This stunning beach is fit for royalty. No really. Princess Diana and Prince Charles reportedly visited Balos Bay during their honeymoon in 1981. Follow in their footsteps to be rewarded with stretches of rose-coloured sand and sparkling seas. You can access the beach by taking a ferry from the mainland and driving a 10km dirt road. Adventure-seekers can also arrive via 3-hour trek from Kaliviani.
Out of the way from Greece’s go-to cities, Elafonisi retains the feel of a remote oasis without sacrificing on useful amenities like a parking lot and restrooms. The beach, located in a protected zone on the southwest of Crete, gets its cotton candy colour from broken shells. Wade out into Elafonisi’s shallow waters or stroll the sandbar for a perfect vantage point to capture this beach in all its pinkness. Or, find yourself a slice of secluded sand by exploring the surrounding cedar forest, caves, and rock formations.
For those who need to unwind after the experience that is Ibiza, head to Playa de Ses Illetes. With stunning views and ritzy restaurants, including Formentera’s only Michelin-starred establishment Can Dani, it’s no wonder this beach attracts yacht-owners and fashionistas.
Check out Laura Ferrara’s guide if you don’t believe us.
If giant lizards aren’t really your thing, don’t worry. There’s plenty more to do on the uninhabited island of Komodo—and that includes luxuriating on a stunning pink beach. It’s even been named Pink Beach (or “Pantai Merah” in Indonesian) so you can’t miss it. A part of Komodo Natural Park, this little slice of heaven is sandwiched between lush rolling hills and coral-filled waters, which are perfect for swimming, snorkelling, scuba diving, and kayaking.
Just watch out for Komodo dragons.
Only accessible by boat, this pink haven gets its colour from crush red pipe coral. It’s a prized destination amongst snorkelers and scuba divers alike, who take advantage of the clear waters and great visibility. The island is protected so there are no overnight accommodations. There are some amenities for day-trippers including covered huts but visitors should pack their own food and water (and pack them out too!) While you’re there, be sure to check out the island’s mangrove-filled lagoon and say hello to the local villagers.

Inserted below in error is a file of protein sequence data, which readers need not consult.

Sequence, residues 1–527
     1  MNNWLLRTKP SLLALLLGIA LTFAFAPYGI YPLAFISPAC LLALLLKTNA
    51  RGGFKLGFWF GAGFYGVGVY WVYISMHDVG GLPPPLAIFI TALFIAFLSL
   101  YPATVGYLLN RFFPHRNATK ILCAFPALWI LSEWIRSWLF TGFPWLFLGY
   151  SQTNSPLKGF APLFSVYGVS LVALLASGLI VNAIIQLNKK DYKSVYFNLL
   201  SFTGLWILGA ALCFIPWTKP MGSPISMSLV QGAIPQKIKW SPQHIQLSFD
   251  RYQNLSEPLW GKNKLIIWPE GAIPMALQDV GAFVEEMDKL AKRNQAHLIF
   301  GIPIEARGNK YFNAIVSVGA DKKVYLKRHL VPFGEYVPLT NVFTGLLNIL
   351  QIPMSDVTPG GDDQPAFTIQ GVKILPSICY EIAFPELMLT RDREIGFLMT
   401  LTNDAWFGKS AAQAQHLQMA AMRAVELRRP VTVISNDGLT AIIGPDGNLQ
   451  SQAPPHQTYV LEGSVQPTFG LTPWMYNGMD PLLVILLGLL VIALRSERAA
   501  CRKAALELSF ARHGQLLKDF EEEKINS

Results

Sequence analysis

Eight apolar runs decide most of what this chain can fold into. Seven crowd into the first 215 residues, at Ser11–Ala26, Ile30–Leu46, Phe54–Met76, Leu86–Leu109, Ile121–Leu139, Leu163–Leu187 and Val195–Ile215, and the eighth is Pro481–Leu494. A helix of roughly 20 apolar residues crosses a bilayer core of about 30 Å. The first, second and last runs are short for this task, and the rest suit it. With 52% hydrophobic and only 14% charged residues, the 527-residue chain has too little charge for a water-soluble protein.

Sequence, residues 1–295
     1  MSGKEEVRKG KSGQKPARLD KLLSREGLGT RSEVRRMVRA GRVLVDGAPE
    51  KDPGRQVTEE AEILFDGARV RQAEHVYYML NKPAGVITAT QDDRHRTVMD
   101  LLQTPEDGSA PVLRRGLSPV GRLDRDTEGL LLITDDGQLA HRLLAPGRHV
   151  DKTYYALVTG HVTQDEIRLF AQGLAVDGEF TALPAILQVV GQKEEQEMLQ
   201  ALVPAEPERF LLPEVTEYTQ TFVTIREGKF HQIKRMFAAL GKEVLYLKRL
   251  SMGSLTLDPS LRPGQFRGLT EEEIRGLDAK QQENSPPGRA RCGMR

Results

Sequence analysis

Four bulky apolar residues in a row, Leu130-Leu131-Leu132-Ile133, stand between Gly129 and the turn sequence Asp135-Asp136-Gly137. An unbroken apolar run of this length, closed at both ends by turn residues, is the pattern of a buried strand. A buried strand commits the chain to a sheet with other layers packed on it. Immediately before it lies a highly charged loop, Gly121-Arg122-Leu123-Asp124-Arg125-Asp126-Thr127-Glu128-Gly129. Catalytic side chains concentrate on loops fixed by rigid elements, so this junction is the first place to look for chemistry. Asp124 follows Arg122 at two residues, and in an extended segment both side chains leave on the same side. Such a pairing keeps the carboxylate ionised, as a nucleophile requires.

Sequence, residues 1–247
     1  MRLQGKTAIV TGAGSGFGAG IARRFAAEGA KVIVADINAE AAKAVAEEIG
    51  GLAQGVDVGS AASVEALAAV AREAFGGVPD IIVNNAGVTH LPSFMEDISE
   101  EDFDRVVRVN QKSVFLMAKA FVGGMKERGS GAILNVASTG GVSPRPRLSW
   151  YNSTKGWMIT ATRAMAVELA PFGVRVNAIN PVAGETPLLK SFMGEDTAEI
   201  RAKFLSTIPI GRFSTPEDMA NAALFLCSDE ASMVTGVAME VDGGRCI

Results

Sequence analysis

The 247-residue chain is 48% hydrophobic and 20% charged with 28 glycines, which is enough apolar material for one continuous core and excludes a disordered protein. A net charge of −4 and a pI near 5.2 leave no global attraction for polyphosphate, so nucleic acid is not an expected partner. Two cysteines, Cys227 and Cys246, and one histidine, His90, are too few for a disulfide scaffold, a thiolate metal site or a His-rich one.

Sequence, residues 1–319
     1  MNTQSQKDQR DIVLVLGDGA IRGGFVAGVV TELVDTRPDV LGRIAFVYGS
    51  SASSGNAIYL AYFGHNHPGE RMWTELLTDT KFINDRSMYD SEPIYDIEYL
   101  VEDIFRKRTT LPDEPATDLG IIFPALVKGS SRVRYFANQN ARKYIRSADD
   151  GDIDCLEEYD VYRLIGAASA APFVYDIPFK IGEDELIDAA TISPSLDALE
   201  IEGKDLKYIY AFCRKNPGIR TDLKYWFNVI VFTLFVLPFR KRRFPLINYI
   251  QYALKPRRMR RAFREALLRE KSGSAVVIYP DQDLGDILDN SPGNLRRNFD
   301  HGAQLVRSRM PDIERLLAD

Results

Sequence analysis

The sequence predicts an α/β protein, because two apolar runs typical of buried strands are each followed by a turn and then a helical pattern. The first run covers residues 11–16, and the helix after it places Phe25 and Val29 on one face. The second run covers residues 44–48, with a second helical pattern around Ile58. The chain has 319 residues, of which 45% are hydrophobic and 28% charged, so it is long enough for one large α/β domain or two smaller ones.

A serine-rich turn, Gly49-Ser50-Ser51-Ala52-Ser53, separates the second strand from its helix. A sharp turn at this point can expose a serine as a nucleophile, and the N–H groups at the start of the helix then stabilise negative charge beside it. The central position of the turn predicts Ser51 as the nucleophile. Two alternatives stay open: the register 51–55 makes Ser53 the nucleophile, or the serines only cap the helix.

If you’re driving the coast of California, don’t miss a glimpse of this purple-and-pink sand beach. Most visible after a rain, the sand’s unique colour comes from the magnificent rock formations that line the rugged coast. While Pfeiffer is not the best swimming destination due to strong waves and razor-sharp rocks (not to mention the chilly Pacific), it is a dog-friendly beach and its easy scrambles make for epic viewpoints.
Okay, so it’s not exactly pink. The reward is still an other-worldly sight: a secluded beach that gets its martian colour from eroding lava cinder cliffs. Recommended only for experienced hikers, this hidden Hawaiian gem requires a somewhat sketchy trek along a sheer cliff edge. Make your way there (carefully!) to join locals, birdwatchers, nudists, and eccentrics alike.
If you’re holidaying within Canada and can’t make it to one these gorgeous pink beaches, don’t worry, go chase a pink waterfall instead!